Mayor Bloomberg wants the state Legislature to change the law so the state cannot deny education funds to city schools if the city and teachers unions fail to reach an agreement on teacher evaluations.
Testifying in front of a state legislative committee in Albany on Monday, he asked legislators to change state law to prevent Gov. Cuomo’s office from withholding school aid, calling the procedure “irrational.”
The governor said the city will lose $250 million in school funding because the Department of Education and United Federation of Teachers failed to reach an agreement on a teacher evaluations plan by midnight Jan. 17.
Placing the blame for the failure of a deal squarely on the UFT, Bloomberg said the loss of state aid would hurt students the worst.
“Do not punish our schoolchildren for the obstructionism of the UFT,” he told the Assembly Education Committee. “They have done nothing wrong.”
The deal failed because the city and the unions disagreed on two sticking points — a provision that would sunset the deal in 2015 and another that allowed for more arbitration for grievances filed by terminated teachers.
Mayor Bloomberg said both provisions would make any deal “a sham,” although most of the deals struck with other school districts in the state had a sunset provision. The mayor slammed those plans, and said he would not accept one like those in the city.
The UFT said the Bloomberg administration had agreed to both provisions, but balked on Jan. 17, only hours before the deadline. That allegation is backed by State Education Commissioner John King, who said last week he was under the impression both provisions were agreed to by both sides.
Bloomberg’s assertions caught the ire of the committee’s chairwoman, Assemblywoman Catherine Nolan (D-Ridgewood).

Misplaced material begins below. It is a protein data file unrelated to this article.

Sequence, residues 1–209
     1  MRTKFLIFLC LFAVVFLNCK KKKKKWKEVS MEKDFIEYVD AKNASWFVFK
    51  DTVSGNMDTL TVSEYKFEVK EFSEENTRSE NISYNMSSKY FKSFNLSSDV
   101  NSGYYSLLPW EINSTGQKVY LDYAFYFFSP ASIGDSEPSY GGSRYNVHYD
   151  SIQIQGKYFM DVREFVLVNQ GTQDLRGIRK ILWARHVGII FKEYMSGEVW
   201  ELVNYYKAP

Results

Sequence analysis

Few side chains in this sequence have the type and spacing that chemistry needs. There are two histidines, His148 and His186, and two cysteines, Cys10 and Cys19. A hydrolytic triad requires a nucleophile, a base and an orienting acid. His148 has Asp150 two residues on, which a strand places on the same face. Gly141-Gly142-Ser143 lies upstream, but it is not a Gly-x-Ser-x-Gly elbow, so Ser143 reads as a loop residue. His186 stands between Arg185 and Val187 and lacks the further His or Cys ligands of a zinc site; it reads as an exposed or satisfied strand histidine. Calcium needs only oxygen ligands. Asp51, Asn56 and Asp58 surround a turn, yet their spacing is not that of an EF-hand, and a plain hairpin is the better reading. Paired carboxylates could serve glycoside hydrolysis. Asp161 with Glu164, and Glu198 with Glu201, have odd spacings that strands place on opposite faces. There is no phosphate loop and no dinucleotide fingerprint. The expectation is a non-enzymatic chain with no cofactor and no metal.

“How can you not accept some responsibility for this disaster?” Nolan asked Bloomberg at the hearing. “Forty percent of students in this state are going to be punished because the adults couldn’t work things out.”
Bloomberg’s request to recoup the lost money from the governor has gotten some support from Assembly Speaker Sheldon Silver (D-Manhattan). Though Silver has not come out to support the idea publicly, Bloomberg praised his support at the hearing.
Cuomo said last week that he would not entertain requests to give the city the $250 million in lost aid. However, in a letter to Schools Chancellor Dennis Walcott, King said the city could still receive some or all of $200 million in grants — some or all of which would come from federal Race To The Top funding — if the city and UFT agree on a teacher evaluations deal by Feb. 18.
But at the hearing, Bloomberg expressed doubt that his administration and the UFT would find common ground.
“I said it was unlikely that unions would ever agree to an evaluations plan,” he told Nolan. “I should have said ‘impossible.’”
Bloomberg said without the funding, 700 teachers will be lost through attrition this year and an additional 1,800 next year.